Slide #1.

Residential Community Supervision Programs
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Slide #2.

Intermediate Sanctions are sentencing options between prison & probation that provide more freedom than prison but less freedom than traditional probation  There are both residential & nonresidential intermediate sanctions  Residential options include:  • Halfway houses/community corrections centers • Work release programs • Shock incarceration/boot camps
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Slide #3.

 Halfway houses, known as Community Corrections Centers (CCC) or Residential Community Corrections Facilities (RCCF), are staffed 24 hours/day, 7 days/week, providing residential services for offenders who are: Halfway-in:  high risk/high need probationers  graduated sanctions for probation & parole violators OR Halfway-out:  preparole/prerelease prisoners  parolees who need assistance transitioning from prison to the community
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Slide #4.

      Halfway houses date to early 1800s in England & Ireland, originating in the U.S. in 1816 State & public support for halfway houses was lacking in U.S., so private, nonprofit corporations opened them After only partial success, halfway houses received government assistance for the first time in the 1960s Today private halfway houses have a permanent niche as alternatives to prison Some jurisdictions rely on them more than others Private halfway houses choose their clients, contract with the government for a specific amount per day per offender, & offenders are expected to assist financially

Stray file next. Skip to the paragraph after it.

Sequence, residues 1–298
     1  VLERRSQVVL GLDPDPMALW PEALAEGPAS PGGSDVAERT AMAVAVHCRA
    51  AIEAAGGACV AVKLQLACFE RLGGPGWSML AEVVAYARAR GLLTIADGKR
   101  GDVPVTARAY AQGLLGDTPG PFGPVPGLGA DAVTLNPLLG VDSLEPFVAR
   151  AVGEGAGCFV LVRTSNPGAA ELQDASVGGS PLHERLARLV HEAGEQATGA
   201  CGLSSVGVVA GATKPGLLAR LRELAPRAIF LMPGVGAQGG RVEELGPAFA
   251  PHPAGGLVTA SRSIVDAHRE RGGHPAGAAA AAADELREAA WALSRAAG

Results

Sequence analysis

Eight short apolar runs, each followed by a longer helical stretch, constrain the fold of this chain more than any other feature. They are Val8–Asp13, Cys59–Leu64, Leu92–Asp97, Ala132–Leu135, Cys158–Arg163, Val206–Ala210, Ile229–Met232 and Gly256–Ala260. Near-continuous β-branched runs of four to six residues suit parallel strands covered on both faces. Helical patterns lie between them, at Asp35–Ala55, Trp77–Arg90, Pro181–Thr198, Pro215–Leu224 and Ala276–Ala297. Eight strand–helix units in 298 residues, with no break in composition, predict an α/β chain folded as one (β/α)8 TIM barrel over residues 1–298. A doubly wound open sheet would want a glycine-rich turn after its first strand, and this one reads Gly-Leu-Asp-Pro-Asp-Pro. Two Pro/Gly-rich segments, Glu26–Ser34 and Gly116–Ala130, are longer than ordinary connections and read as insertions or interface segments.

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Slide #5.

 While there is no “average” residential facility, they share certain features: • Residents live in the facility • Residents must be employed • They can leave the facility for work at a verified job. • Residents must be preapproved to leave for any other reason • There are restrictions on leaving for other than work, school, rehabilitation, or medical needs, & approval depends on good behavior
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Slide #6.